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Lean Regulation

The views expressed are those of the author and do not necessarily reflect the views of ASPA as an organization.

By Kate McGovern
September 16, 2020

Lean process improvement principles and techniques were developed in manufacturing to maximize value to the customer while eliminating waste. In adapting Lean for the public sector, it is useful to understand a dynamic tension in many governmental processes. Public administrators have a dual responsibility, delivering prompt services while assuring compliance. Lean can be used to improve services without sacrificing standards.

Identifying Customers and Stakeholders

Public sector customers include applicants for building permits, drivers’ licenses, veteran’s benefits and much more. They are people seeking to borrow a library book or report an emergency. Each of us is a customer when we use public services. Government also serves the public at large, enforcing regulations for clean air and water, for safe buildings, bridges, food, pharmaceuticals and much more. We are all stakeholders in the health and safety of our society.

Regulatory Processes

An optimal regulatory process is fair, transparent and efficient. It protects the public without placing undue burden. A sub-optimal process is laden with unreasonable hurdles and delays, commonly known as red tape. Lean techniques can improve the quality and efficiency of such processes.

Assessing the Value of Regulation

Few of us think about health inspections when we eat at a restaurant. We assume that the food is safe. Restaurant owners and the public can agree that regulation has value. Responsible restaurant owners appreciate a level playing field, so they will not be undercut by shoddy operations. However, their appreciation may wane under a cumbersome regulatory process.

The inspection process could be “leaned” using a structured improvement event known as a kaizen. The project team would include staff who work in all sections of the process, as well as a restaurant owner (customer of the process) and a public member (stakeholder in the outcome).

The team would examine the process to understand the purpose of each step and how it serves the public good. Drilling down, they may identify unwarranted impediments such as requirements for notarized documents or redundant reports. Then, the team would redesign the process to grant prompt approval to qualified applicants while assuring the public is protected. As I discussed in a previous column, the team might need administrative or legislative approval for certain reforms. Although change is not always easy, fully implemented Lean initiatives can make regulatory processes more efficient, transparent and customer friendly.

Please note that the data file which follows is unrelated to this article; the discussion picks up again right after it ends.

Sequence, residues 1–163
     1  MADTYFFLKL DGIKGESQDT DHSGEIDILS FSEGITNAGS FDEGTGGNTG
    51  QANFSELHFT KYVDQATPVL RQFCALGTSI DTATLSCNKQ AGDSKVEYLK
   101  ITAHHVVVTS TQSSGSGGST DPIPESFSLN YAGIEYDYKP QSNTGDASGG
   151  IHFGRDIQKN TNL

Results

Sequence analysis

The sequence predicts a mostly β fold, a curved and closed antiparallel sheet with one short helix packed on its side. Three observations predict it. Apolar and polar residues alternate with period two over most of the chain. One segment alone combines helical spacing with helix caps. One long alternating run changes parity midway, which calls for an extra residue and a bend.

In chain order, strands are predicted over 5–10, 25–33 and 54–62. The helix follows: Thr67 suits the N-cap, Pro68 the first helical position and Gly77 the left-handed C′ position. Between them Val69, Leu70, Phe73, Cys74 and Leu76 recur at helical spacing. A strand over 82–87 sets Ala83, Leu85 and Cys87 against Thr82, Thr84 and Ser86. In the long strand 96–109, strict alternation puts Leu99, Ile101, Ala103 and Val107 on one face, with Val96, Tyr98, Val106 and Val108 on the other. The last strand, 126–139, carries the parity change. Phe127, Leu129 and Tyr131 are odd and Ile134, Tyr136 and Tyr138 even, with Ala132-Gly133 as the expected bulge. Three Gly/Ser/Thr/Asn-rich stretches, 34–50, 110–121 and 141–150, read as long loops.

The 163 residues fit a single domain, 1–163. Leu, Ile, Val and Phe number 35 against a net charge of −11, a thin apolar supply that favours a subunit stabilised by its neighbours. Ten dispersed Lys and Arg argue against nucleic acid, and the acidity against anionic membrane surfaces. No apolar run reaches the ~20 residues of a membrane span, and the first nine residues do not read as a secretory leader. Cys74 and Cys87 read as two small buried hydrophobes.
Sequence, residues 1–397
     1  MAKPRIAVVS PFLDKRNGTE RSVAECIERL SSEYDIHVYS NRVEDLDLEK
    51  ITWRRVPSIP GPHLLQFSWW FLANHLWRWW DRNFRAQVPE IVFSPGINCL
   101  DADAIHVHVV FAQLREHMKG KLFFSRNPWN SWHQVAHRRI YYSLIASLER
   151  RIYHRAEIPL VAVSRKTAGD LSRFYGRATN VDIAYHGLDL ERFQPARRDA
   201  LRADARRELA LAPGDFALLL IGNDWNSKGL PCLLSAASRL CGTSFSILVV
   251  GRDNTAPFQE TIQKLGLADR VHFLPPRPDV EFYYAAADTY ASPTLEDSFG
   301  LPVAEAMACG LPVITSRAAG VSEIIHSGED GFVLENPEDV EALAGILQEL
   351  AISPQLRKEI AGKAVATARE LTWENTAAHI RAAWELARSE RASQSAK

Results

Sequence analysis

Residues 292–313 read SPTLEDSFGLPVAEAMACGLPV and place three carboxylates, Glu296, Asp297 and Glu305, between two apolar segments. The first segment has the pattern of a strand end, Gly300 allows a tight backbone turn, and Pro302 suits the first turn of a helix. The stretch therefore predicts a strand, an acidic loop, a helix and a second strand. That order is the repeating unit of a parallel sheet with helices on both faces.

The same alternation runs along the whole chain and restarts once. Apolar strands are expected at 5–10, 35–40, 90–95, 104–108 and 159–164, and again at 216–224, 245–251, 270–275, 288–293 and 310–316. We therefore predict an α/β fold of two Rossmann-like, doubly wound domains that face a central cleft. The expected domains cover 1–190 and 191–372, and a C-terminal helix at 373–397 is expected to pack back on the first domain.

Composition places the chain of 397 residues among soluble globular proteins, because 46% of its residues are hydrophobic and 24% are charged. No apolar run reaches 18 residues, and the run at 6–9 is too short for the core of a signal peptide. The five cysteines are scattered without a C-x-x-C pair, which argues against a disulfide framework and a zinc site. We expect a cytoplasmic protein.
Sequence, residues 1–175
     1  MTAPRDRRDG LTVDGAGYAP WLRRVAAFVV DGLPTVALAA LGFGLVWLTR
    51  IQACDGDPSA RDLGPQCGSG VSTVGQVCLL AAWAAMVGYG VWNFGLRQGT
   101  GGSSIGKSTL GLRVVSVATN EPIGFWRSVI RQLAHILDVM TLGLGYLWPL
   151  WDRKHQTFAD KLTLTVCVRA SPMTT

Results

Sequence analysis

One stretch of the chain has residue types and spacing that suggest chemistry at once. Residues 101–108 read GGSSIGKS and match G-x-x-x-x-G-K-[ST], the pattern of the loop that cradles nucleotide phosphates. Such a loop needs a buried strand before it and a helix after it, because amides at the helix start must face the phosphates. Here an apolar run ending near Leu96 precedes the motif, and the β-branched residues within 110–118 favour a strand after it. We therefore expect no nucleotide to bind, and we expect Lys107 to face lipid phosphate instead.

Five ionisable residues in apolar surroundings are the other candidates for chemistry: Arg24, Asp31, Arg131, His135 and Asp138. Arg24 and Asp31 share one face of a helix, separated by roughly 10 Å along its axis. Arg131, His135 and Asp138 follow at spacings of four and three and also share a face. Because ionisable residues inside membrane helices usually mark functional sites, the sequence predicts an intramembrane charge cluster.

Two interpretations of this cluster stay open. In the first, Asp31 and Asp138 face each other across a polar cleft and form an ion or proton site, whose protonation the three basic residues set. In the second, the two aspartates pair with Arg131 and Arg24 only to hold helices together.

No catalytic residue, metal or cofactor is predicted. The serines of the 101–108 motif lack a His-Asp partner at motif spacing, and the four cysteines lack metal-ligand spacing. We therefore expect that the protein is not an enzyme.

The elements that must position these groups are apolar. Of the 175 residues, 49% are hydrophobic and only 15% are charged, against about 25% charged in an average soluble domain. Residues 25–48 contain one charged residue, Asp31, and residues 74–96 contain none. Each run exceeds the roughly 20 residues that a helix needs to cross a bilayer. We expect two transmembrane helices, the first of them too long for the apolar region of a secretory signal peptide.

Leaning the COVID 19 Crisis Response

The stakes have never been higher for a regulatory agency than the challenges currently facing the U.S. Food and Drug Administration (FDA). The FDA Commissioner is permitted to grant Emergency Use Authorizations (EUAs) for, “Unapproved medical products or unapproved uses of approved medical products to be used in an emergency to diagnose, treat or prevent serious or life-threatening diseases or conditions…when there are no adequate, approved and available alternatives.”

It makes sense to have a fast lane for exigent circumstances when the benefits of a methodical regulatory process are offset by urgent need. No one wants “red tape” to stand in the way of life saving medicines or vaccines, nor do we want our loved ones to be harmed by unsafe treatments.

Since the start of the pandemic, the FDA has come under criticism for being too restrictive on the approval of diagnostic tests, too lenient with antibody tests and hydroxychloroquine and equivocating with convalescent plasma. Political motives are suspected. Public confidence is eroded.

While it is beyond the scope of this article to assess the current state of the EUA process, I suggest that Lean tools be applied to assess the regulatory framework. The purpose is to vet the process itself, not the outcomes. Consider the use of a kaizen rapid improvement event: 

  • Prepare a charter, identify a Lean facilitator, and schedule a kaizen event (typically five days).
  • Convene a team. As with any Lean project, the core team is comprised of the staff who do the work in the process (in this case, the FDA professionals). Outside medical practitioners and academics (subject matter experts who can bring a fresh perspective), medical product providers (the customers applying for approval) and members of the public (stakeholders in the outcome) should also be on the team.
  • Develop a common understanding of the criteria for issuing EUAs.
  • Map the current state of the process, determining the value of each step. Recommend process redesign that would enhance efficiency, quality, integrity, objectivity and transparency.
  • Implement the changes and share the information with the public.


Applying the kaizen technique to public regulatory processes can find the Goldilocks amount of regulation: not too little, not too much. It can maximize public protection while minimizing red tape. A lean regulatory process can require transparent decisionmaking based on objective criteria. Such a process could earn back public confidence during this historic emergency.

Author: Kate McGovern, MPA, Ph.D. is a Lean trainer who conducts programs and facilitates kaizens for states, municipalities and nonprofits. In addition to her Lean work as a state employee and a consultant for Daniel Penn Associates, Kate teaches at College Unbound. She is the author of A Public Sector Journey to Lean: Fighting Muda in Times of Muri. [email protected]

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